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Taoron

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About Taoron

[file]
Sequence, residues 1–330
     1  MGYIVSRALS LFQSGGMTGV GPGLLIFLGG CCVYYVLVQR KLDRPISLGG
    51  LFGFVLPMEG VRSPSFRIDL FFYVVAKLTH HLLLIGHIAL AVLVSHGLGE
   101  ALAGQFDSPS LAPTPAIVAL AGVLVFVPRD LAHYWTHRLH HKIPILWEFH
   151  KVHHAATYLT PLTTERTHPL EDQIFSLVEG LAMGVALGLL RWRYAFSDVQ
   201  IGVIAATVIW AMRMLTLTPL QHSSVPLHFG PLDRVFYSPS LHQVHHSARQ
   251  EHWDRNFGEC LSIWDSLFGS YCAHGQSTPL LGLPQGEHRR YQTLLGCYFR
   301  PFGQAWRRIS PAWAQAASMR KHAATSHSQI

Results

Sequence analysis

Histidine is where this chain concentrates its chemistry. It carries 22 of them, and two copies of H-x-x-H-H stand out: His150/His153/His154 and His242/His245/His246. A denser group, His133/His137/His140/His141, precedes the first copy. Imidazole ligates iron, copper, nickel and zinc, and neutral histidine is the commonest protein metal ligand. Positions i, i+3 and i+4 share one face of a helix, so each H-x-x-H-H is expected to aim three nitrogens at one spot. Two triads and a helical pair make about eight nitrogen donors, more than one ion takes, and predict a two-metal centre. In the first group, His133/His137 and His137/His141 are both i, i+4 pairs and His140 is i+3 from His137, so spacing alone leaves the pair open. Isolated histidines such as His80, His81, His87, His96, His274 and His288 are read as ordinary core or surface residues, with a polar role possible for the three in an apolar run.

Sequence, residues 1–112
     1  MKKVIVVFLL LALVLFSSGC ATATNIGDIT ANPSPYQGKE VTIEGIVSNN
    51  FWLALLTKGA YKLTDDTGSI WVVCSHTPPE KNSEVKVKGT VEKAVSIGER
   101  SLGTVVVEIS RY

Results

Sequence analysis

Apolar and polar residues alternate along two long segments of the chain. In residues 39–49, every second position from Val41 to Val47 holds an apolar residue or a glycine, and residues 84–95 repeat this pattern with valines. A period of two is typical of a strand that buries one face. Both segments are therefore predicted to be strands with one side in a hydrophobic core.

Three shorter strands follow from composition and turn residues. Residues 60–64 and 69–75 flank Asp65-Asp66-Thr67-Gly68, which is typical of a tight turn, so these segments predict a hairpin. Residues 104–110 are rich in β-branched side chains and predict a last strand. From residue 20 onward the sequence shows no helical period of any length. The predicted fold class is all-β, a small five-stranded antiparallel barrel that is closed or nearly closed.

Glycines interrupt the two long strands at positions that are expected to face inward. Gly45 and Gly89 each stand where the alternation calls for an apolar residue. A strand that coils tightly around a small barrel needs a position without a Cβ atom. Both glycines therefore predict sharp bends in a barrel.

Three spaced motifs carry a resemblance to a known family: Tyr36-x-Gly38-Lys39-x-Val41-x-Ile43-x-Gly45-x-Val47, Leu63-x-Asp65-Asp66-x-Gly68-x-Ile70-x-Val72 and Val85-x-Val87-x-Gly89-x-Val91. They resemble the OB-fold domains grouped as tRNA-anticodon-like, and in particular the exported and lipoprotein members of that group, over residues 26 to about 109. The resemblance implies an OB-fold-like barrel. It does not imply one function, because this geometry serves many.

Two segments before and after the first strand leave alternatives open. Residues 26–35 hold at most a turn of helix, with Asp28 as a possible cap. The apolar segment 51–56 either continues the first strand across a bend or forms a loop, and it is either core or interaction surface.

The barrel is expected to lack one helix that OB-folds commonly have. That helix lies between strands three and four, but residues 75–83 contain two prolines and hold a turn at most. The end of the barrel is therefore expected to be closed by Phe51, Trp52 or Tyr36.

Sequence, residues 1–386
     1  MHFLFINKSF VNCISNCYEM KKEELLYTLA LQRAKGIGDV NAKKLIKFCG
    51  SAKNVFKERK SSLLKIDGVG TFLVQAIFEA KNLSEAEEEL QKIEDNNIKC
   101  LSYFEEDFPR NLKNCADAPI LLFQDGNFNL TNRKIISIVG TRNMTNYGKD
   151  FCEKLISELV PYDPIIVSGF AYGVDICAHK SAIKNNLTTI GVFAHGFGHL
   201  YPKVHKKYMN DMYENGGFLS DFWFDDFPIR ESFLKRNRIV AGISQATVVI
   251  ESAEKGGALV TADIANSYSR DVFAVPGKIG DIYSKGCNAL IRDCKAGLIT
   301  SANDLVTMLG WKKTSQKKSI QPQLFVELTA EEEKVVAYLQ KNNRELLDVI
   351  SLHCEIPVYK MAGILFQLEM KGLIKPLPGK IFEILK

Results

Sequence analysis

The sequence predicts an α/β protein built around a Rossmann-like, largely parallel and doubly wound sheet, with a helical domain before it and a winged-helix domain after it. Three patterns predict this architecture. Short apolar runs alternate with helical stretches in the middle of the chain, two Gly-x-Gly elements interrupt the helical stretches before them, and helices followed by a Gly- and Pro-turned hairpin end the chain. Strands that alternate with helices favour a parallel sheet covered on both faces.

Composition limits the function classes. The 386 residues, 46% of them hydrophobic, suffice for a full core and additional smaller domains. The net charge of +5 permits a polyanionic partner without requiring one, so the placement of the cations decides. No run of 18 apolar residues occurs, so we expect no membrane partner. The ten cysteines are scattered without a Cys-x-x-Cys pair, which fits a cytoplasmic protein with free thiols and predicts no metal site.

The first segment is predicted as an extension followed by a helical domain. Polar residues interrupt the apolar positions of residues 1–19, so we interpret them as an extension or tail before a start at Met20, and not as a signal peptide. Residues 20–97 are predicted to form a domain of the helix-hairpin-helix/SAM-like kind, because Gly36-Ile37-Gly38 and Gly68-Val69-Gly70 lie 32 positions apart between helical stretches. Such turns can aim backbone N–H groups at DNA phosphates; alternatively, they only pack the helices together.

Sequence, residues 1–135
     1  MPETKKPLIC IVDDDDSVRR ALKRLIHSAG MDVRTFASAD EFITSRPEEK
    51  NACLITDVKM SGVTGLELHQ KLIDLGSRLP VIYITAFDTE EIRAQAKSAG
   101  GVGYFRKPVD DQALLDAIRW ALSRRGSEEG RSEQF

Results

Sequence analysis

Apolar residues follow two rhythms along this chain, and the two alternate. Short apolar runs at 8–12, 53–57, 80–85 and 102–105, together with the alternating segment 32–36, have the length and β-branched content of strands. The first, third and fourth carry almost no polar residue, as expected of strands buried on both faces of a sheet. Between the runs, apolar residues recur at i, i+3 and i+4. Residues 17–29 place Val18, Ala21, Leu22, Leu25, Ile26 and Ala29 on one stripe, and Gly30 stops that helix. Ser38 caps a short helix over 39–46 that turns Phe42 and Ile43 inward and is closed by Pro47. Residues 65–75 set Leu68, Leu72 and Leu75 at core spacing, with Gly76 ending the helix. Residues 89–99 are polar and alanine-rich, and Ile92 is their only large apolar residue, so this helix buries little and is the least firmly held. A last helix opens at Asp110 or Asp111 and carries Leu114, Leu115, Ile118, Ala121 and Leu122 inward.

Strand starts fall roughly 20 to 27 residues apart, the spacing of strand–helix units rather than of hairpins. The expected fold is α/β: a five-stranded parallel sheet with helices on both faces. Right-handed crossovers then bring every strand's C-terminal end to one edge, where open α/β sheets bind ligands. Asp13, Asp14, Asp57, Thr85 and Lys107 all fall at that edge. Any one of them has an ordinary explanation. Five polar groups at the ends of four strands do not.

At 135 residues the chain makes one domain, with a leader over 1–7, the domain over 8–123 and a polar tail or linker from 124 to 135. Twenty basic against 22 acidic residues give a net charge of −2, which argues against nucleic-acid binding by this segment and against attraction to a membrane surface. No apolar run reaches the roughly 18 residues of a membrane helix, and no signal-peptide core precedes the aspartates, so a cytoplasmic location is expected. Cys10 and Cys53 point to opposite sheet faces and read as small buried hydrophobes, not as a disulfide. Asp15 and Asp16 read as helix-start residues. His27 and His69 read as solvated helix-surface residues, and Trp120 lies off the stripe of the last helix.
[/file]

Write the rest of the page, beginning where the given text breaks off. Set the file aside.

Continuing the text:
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  • Birthday 02/10/1981